This is a great book. After the deeply human and flawed characters of Casual Vacancy, it's nice to see Rowling once again writing such great character...moreThis is a great book. After the deeply human and flawed characters of Casual Vacancy, it's nice to see Rowling once again writing such great characters. Strike and Robin are the kind of characters you don't want to stop reading about, and I'm extremely glad this is the start of a new series. The mystery is fun and complex, with plenty of great clues and red herrings, and despite having all of the clues laid out for me I still couldn't guess the killer's identity. Similar to Harry Potter and the philosopher's stone in hindsight: the "obvious" suspect just serves to distract from the true villain. And while the story doesn't really bring anything new to the detective genre, it does classic Private Eye fiction so well you can't help but love it.
Overall, this is a book that definitely deserves the praise it got when it first came out, and is even worthy of the hour is received since Rowling was outed as the author. Once again, she proves her position as one of the 21st Century's greatest authors. It's great to see Potter wasn't just a lucky one hit wonder, and I look forward to whatever she releases next!(less)
Brief but powerful. Tries to present a fair and unbiased portrait of the situation surrounding the tragic death of Dawn. If you enjoy this and you're...moreBrief but powerful. Tries to present a fair and unbiased portrait of the situation surrounding the tragic death of Dawn. If you enjoy this and you're interested to learn more, check out Death at SeaWorld by David Kirby, or watch the new documentary Blackfish coming out this summer.(less)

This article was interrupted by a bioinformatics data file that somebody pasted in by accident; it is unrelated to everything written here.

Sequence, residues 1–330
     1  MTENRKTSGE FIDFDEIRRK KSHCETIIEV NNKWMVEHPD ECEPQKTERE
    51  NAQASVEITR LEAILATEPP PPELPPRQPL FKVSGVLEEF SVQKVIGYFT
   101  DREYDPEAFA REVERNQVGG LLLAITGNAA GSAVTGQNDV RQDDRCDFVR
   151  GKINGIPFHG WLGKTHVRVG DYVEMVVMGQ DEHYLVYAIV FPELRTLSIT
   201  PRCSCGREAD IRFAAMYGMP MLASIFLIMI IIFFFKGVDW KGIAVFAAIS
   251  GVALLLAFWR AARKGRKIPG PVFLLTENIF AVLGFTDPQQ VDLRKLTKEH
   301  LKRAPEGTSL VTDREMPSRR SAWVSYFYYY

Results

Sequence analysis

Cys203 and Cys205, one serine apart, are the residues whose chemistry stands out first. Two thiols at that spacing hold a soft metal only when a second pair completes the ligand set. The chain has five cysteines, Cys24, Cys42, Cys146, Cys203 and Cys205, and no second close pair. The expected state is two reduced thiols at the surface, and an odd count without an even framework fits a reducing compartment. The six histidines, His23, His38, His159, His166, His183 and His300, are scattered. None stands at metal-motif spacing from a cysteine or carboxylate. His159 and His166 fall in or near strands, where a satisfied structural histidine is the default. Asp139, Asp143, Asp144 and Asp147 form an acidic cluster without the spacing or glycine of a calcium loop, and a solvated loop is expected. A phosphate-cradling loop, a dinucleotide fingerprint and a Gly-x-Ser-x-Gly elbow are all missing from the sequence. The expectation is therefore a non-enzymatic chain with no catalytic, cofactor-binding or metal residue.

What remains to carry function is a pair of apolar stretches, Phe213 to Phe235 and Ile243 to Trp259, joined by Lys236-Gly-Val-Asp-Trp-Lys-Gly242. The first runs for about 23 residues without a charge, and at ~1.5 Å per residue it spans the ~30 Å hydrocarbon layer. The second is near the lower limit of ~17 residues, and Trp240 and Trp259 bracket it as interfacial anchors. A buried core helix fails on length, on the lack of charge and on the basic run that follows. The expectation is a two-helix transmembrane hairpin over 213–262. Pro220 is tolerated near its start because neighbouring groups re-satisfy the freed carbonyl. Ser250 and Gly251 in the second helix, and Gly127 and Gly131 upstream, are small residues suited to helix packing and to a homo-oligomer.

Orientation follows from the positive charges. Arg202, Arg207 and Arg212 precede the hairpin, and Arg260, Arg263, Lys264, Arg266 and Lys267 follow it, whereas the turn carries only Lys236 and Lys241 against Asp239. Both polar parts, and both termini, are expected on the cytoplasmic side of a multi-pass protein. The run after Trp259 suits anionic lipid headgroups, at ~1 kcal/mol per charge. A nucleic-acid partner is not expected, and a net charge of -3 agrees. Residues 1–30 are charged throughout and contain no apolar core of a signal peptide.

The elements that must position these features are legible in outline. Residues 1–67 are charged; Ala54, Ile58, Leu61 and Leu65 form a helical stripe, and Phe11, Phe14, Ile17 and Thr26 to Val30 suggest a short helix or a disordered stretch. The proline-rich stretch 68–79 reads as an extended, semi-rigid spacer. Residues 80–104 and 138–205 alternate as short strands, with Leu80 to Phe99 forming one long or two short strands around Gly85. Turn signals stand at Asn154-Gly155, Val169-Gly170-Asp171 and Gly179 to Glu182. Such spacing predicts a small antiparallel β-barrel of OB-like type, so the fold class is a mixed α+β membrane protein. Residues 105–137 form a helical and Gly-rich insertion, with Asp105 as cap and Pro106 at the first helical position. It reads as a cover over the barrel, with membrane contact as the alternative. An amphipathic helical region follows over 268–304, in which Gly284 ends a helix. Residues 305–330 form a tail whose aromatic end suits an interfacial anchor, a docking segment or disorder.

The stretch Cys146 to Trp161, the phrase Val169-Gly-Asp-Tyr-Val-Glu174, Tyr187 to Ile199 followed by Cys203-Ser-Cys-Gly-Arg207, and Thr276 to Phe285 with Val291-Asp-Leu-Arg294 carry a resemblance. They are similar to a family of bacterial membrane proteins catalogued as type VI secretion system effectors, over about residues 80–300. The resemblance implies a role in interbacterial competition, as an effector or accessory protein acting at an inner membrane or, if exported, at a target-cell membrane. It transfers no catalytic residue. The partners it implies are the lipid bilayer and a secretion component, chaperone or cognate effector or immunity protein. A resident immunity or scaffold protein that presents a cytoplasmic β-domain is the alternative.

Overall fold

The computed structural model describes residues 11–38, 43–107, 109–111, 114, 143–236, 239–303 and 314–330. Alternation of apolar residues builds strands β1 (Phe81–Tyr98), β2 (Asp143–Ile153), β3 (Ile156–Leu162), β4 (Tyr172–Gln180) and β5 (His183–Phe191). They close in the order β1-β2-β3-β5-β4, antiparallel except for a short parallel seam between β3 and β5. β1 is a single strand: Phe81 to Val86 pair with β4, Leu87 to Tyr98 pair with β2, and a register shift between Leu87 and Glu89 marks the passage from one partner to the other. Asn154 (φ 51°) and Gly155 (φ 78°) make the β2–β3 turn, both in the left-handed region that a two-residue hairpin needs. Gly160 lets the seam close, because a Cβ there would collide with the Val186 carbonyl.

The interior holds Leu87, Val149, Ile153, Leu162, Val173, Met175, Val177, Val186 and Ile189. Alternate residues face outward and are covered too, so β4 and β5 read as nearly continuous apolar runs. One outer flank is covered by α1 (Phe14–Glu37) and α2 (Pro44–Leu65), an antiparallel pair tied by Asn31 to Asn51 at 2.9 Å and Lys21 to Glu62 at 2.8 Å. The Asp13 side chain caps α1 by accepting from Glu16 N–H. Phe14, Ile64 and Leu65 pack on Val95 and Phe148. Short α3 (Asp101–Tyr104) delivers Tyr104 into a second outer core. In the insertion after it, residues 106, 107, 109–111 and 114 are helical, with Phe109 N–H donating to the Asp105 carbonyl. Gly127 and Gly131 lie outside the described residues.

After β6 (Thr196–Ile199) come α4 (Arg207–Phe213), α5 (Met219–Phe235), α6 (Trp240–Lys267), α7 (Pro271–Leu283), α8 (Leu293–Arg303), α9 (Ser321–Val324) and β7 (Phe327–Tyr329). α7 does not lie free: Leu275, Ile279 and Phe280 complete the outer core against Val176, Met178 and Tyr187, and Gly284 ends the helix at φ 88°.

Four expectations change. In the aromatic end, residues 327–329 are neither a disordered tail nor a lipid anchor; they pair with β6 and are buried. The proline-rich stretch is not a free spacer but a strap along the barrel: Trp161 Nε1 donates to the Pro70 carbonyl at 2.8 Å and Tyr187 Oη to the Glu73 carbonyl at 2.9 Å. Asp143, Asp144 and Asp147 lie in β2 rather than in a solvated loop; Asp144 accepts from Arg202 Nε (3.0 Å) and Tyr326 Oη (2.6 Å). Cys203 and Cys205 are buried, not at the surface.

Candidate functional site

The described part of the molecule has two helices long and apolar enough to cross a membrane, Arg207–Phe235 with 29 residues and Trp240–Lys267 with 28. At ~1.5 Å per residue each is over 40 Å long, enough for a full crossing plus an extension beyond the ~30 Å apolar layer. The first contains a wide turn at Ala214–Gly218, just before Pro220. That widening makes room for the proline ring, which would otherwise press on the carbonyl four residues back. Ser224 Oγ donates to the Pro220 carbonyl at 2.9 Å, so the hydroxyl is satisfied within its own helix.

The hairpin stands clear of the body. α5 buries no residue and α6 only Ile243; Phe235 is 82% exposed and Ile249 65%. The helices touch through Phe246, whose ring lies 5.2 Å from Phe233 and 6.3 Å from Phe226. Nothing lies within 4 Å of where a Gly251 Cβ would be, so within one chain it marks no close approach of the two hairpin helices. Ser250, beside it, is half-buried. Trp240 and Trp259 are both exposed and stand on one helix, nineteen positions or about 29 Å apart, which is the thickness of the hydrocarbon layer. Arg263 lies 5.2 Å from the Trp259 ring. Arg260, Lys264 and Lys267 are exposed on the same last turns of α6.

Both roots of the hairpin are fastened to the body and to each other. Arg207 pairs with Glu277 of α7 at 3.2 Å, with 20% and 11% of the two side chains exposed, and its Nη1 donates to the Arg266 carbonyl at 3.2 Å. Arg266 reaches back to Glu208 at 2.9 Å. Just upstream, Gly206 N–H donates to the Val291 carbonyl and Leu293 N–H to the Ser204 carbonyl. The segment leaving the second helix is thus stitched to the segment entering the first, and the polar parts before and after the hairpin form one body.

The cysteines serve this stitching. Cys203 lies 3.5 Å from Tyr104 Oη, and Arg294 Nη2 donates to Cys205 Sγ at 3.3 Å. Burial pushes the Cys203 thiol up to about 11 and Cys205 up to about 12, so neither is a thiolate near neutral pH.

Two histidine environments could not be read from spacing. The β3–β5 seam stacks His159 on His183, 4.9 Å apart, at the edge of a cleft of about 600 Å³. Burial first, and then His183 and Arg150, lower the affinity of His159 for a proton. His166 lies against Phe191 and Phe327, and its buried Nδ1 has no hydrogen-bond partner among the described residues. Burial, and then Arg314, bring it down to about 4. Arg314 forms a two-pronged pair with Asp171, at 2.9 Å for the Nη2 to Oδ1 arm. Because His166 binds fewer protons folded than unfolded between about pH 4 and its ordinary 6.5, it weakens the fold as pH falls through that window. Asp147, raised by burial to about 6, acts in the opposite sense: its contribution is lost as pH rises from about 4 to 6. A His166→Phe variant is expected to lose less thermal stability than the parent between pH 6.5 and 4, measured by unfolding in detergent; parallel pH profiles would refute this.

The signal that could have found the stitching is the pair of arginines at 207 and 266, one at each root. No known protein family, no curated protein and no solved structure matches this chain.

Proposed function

When I think back about the first time I read this book, I'm overwhelmed with nostalgia. I read this book way back in the late ninties, when I was no...moreWhen I think back about the first time I read this book, I'm overwhelmed with nostalgia. I read this book way back in the late ninties, when I was no more than 11 or 12. As soon as my Dad got the Star Wars Trilogy Special Edition VHS set in 96 or 97, I was hooked, and immediately started spending saving up my allowance and spending it on the variety of Star Wars novels which, while clearly written for readers somewhat above the third grade level, captured my imagination. And few of those novels captured my imagination the way Michael Stackpole and Aaron Allston's X-Wing series. Always somewhat of a nerd, I devoured these books every chance I could find. In school I frequently had a book propped open in my desk so I could snatch a sentence or two in between paying close attention to every word that came out of the teacher's mouth. During recess, I would lean against the school building and read until the bell summoned us back inside. When I wasn't busy reading, I would spend recess racing around the school yard, dogfighting imaginary TIE Fighters and Star Destroyers and various other spacecraft gleaned from the pages of the novels or my well read copy of Star Wars: The Essential Guide to Vehicles and Vessels. I was fascinated by the characters and the world of the stories. In the days before wikipedia, I poured over the pages of the novels, taking detailed notes in order to determine the call sign of each Rogue Squadron pilot and their wingman, and to decipher the pilots slang terms: "eyeball," "bright," "squint," etc. All of this may seem unnecessarily obsessive to a rational adult mind, but as an eager pre-adolescent caught up in the wonder of the "galaxy far far away" for the first time, it was a testament to the power of the story Stackpole (and ultimately George Lucas) created. It's books like this one that make me wish I hadn't gotten rid of all of my old Star Wars books. Yeah, they took up a lot of space on my already overcrowded shelves, and it's true I had never gone back to re-read most of them in years, but all these years later it feels like a crime to have sold all those childhood memories for a mere $20 at a garage sale. Of course I have all of the published novels on my Kobo e-reader, but sometimes I wish I could run my fingers through those pages again, smell the paper, and feel the texture of the memories captured between the covers... All of these fond memories have me very excited for the August release of Mercy Kill, the first new X-Wing novel in 13 years. Here's hoping that for some young, impressionable reader out there, this book will continue the tradition started by Rogue Squadron, opening his or her imagination to a galaxy where daring aces do battle with menacing villains, brave heroes make selfless sacrifices, and good always triumps over evil.